Sirkeci Station (Sirkeci Gar) was Istanbul’s historic terminus for trains, designed by Prussian architect August Jasmund and inaugurated on February 11th, 1888, during the reign of Sultan Abdülhamid II. Though officially named Istanbul Gar, everyone knows it as Sirkeci to differentiate it from Haydarpaşa Gar (1908), the newer terminus on the Asian shore of the Bosphorus.
Sirkeci is where the famed Orient Express ended its run from Paris, at this Orientalist station. European and Turkish-Thracian intercity trains no longer arrive and depart at Sirkeci. Even so, it’s a pleasure to stroll through the station and imagine the famous 19th-century luxury train arriving in Constantinople with its eminent passengers being met by uniformed dragomans (guide-interpreters) from the great European embassies. (Source: http://www.turkeytravelplanner.com/go/Istanbul/Transport/SirkeciStation.html)
Watch the slideshow below.
Next stop was the legendary Grand Bazar.
The experience was an enjoyable assault on all our senses. Check the slideshow below.
Then we walked on to watch the dervish dance show. Our 2 top-of-the-list venues were not open that day. So we chose the 3rd best (as per our research) whose setting was at what was once a hammam (Islamic variant of the Roman bath, steambath, sauna, or Russian banya, distinguished by a focus on water, as distinct from ambient steam). The hammam experience was one thing I chose to avoid as it was beyond my comfort zone. And also because I didn’t find the idea of being doused in ice-cold water, albeit once, during the process, appealing at all.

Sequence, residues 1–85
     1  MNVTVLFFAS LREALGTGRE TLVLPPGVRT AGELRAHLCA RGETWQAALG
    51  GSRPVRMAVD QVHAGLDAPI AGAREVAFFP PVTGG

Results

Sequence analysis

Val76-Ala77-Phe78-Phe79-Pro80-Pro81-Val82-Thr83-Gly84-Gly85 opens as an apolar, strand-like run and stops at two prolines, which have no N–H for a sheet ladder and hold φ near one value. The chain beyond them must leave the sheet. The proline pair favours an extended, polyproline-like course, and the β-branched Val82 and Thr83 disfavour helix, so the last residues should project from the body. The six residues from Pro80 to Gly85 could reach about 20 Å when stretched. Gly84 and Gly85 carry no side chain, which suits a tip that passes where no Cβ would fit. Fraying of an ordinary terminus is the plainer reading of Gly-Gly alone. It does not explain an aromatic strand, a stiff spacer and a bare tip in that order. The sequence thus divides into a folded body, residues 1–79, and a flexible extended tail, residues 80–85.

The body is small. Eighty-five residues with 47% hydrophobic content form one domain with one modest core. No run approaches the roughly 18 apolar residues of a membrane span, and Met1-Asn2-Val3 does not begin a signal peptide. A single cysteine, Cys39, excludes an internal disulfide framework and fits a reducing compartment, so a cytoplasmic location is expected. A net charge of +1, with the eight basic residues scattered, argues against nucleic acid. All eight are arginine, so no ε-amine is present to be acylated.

The much anticipated dervish dance didn’t really live up to our expectations as we found it becoming a little repetitive and boring towards the end. However, it was visually very interesting but alas, photography was strictly prohibited as it had a religious element attached to it. Explore this link to see what the performance looks like. We watched the same performers (in the video) that evening. After the show, we traced our weary steps back to our apartment along Istiklal. It was night time but Istiklal never sleeps.